Marais (marsh) de Gros-Cacouna is on the south shore of the St. Lawrence River, about 10 km east of Rivière-du-Loup, Québec. The site encompasses a 10 km stretch of shoreline, that includes mudflats that are up to 1 km wide, and a 2 km wide strip of open water. The site also includes Cacouna Rock, Gros-Cacouna Island and a small bay east of the island. Other habitat types include cultivated fields, dykes and the Cacouna Port.
An aquatic bird survey in 1988, recorded 115,000 waterbirds in spring and 45,000 in fall, both globally significant numbers. The difference between seasons is mainly because of the larger number of Greater Snow Geese in spring, and also because of the presence of hunters scaring birds in the fall. Up to 100,000 Greater Snow Geese can be present in spring, representing 15% of the North American population. The majority of possible waterfowl species have been seen here, but two species stand out. As many as 3,000 American Black Ducks (1% of the global population) were recorded in fall 1979, and 50 Barrow’s Goldeneyes (2% of the species’ eastern population) were recorded in spring 1993. Species that are typically present in numbers exceeding 1,000 individuals include Northern Pintail and American Green-winged Teal. Species present in numbers ranging from 100 to 600 individuals include Brant, Oldsquaw, Gadwall, Blue-winged Teal, American Wigeon, Red-breasted Merganser and all three scoter species.
This site is considered one of the three most important shorebird sites on the river’s south shore, between La Pocatière and Matane. An incredible 10,000 Black-bellied Plovers were seen here in 1977, which represents 7% of the present North American population. In 1978, 1,000 each of Semipalmated Plovers and Short-billed Dowitchers were seen, representing 2% and 1% of their global populations, respectively. The numbers of Short-billed Dowitchers represents a high percentage of the population stopping in the St-Lawrence flyway and breeding in the northeastern part of the continent (mainly in Québec).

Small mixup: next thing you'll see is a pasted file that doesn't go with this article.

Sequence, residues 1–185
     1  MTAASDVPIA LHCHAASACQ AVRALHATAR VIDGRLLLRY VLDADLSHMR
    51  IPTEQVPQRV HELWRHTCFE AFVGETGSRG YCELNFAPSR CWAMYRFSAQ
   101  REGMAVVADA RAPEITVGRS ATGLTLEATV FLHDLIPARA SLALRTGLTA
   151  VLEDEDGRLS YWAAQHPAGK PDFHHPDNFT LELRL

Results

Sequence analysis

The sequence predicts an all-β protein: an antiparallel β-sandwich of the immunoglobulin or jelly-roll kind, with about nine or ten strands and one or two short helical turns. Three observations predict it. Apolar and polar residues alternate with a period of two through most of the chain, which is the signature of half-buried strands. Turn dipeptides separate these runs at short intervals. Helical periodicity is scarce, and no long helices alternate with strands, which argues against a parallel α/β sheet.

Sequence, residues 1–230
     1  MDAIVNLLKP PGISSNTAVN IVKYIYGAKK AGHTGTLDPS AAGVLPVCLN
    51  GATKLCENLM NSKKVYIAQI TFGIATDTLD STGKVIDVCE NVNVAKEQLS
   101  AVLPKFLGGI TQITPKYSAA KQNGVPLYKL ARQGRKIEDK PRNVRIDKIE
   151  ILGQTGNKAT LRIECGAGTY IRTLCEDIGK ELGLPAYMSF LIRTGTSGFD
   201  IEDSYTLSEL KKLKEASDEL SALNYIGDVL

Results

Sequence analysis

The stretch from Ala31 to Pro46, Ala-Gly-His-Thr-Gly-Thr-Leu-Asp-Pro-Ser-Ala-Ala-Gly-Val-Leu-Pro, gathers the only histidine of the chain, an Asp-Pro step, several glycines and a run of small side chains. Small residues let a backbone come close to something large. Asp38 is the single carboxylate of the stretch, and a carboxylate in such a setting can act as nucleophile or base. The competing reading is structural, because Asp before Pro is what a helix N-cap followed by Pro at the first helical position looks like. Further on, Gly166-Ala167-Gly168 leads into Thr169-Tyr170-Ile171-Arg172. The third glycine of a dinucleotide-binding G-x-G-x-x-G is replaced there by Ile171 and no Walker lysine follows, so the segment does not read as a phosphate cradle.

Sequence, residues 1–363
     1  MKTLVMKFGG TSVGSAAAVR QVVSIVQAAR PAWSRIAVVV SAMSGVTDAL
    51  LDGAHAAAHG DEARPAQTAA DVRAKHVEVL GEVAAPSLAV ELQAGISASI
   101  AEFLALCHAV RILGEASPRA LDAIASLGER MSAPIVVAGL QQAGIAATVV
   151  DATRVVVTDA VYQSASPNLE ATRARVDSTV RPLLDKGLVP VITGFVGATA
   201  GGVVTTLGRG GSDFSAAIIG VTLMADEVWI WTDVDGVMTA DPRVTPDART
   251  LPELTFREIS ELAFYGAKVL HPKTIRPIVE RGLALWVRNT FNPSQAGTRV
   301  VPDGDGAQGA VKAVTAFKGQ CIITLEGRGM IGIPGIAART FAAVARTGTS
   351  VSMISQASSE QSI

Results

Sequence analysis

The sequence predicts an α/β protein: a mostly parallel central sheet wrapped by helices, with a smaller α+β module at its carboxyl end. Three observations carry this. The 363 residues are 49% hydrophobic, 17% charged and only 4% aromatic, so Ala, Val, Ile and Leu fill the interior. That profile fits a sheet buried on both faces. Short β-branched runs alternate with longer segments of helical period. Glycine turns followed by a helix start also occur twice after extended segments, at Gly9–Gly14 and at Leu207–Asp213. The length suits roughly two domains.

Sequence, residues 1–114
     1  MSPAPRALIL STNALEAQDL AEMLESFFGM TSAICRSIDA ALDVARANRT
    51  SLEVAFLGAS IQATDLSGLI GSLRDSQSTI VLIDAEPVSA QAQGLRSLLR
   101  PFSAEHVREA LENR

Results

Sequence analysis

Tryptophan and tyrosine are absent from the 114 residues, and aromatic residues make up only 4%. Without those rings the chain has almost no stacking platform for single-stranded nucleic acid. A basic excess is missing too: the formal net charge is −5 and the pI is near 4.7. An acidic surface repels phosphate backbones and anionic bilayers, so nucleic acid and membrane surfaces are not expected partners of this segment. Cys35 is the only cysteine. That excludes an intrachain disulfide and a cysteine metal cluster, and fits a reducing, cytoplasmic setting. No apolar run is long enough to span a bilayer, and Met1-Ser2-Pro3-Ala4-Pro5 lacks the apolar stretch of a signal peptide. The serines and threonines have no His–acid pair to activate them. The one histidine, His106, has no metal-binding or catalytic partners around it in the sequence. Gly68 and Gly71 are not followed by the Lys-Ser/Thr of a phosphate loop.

In spring 1994, 120 Black-crowned Night-Herons were present, which is more than 1% of the Canadian population. The birds were local breeders and used the deciduous forest southwest of Gros-Cacouna Island for roosting.
In the marshy area east of Cacouna port, nine male Yellow Rails were recorded in 1993, making this the third most important breeding site in Québec. Also breeding within the site are several species with restricted numbers or ranges in Québec, such as Nelson’s Sharp-tailed Sparrow, Wilson’s Phalarope, Le Conte’s Sparrow and Marsh Wren. Five species at risk nationally have been reported during migration or summer: Harlequin Duck, Red-shouldered Hawk, Least Bittern, Peregrine Falcon and Short-eared Owl.
The cliffs on the northwest side of Gros-Cacouna Island support a small colony of Black Guillemots (16 birds in 1990). In addition, Herring Gulls (peak number 670 pairs in 1989), Great Black-backed Gulls (peak number 75 pairs in 1990), and Common Eider (peak number 349 pairs in 1990) nest on Cacouna Rock. The number of eiders has dropped significantly in the last decade; only 49 pairs were recorded in 1996.
BirdLife International (2021) Important Bird Areas factsheet: Marais de Gros-Cacouna. Downloaded from http://www.birdlife.org on 05/12/2021.